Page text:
Concerto for piano and orchestra No. 1 in E minor, Op. 11 (string orchestra version)

Fryderyk Chopin is one of the most delicate 19th-century music poets, a distinctive and amazing Polish composer and pianist. He is an artist of the greatest imagination, having perceived and immortalised in his music the spirit of his time and aggrandized the image of Poland. He chose piano as the vehicle for communication. What he revealed in the art of the piano is tantamount to the discoveries of his contemporaries in the field of symphonic and operatic music. Chopin’s mazurkas, polonaise, waltzes, preludes, etudes, nocturnes, impromptu, ballads, scherzos and sonatas reign in the repertoire of pianists all over the world. Chopin was not a symphonist, but he has produced two opuses that belong to the field of symphonic music. These are piano concerti written in his youth. They do not resemble Beethoven’s works of this genre; rather, they are lyrical poems in which uplifting feelings flow out via endless melodies and intricate passages. The First Concerto in E minor, Op. 11, written in 1830, is marked by a depth of feelings and a range of moods. Full of determination, the opening of the first movement is written in the polonaise idiom; the affectionate main theme is followed by the second, briming with noble pathetics. Filled by expressive virtuosity, the development is crowned by a vibrant recapitulation. The composer named the second movement a romance. The intricately woven songful melody gleams with lyrical finesse. The finale, a traditional rondo, is a virtuoso, temperamental, gushing dance.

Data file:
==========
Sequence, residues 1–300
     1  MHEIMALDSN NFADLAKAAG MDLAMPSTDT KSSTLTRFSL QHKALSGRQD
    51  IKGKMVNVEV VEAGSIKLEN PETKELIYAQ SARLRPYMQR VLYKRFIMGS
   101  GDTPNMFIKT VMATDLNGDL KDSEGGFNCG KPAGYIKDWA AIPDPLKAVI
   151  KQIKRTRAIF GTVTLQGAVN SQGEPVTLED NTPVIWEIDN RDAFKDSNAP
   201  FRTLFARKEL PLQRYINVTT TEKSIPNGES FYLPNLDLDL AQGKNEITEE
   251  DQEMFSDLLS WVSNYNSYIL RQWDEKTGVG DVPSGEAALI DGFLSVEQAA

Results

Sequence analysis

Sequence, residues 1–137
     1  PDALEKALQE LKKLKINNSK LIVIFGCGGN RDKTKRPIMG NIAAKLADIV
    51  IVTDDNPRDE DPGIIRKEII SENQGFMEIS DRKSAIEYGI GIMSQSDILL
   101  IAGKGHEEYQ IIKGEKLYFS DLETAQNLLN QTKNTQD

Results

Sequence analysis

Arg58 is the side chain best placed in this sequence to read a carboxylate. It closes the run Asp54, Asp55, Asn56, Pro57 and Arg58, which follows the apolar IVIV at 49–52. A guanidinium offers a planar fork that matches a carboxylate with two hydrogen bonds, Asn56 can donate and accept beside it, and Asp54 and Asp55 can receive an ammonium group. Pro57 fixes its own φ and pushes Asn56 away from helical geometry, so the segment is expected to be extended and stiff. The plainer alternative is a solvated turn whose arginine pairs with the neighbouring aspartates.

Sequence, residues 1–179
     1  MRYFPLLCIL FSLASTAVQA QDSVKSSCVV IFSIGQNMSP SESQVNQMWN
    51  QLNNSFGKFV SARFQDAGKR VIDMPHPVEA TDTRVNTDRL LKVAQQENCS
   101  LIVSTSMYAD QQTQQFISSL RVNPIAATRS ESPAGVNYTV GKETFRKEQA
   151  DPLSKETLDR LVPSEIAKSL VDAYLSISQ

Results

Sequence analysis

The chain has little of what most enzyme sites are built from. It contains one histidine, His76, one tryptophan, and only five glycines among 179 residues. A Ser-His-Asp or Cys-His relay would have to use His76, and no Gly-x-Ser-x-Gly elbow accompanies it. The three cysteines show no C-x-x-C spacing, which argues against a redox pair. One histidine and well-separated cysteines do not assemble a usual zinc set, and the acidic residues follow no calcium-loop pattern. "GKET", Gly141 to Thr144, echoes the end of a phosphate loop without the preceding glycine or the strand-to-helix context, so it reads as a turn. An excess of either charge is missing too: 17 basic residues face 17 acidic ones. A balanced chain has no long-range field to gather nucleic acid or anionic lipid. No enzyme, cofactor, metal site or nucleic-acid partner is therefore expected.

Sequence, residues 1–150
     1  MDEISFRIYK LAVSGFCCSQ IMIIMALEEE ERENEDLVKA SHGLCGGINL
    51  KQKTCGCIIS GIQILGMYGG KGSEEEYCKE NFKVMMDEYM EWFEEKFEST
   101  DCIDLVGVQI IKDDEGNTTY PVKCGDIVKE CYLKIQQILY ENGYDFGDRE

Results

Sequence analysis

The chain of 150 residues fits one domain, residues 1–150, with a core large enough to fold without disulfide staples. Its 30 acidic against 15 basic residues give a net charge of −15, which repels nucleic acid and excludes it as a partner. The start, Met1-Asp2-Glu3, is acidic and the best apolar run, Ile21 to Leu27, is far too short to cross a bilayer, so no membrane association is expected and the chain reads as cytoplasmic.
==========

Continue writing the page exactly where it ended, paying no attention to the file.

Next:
Chopin’s First Concerto of exquisite beauty features pianist Mūza Rubackytė, the winner of the Lithuanian National Culture and Art Prize, and the Lithuanian Chamber Orchestra led by Robertas Šervenikas.

PUBLISHED:  2018-02-24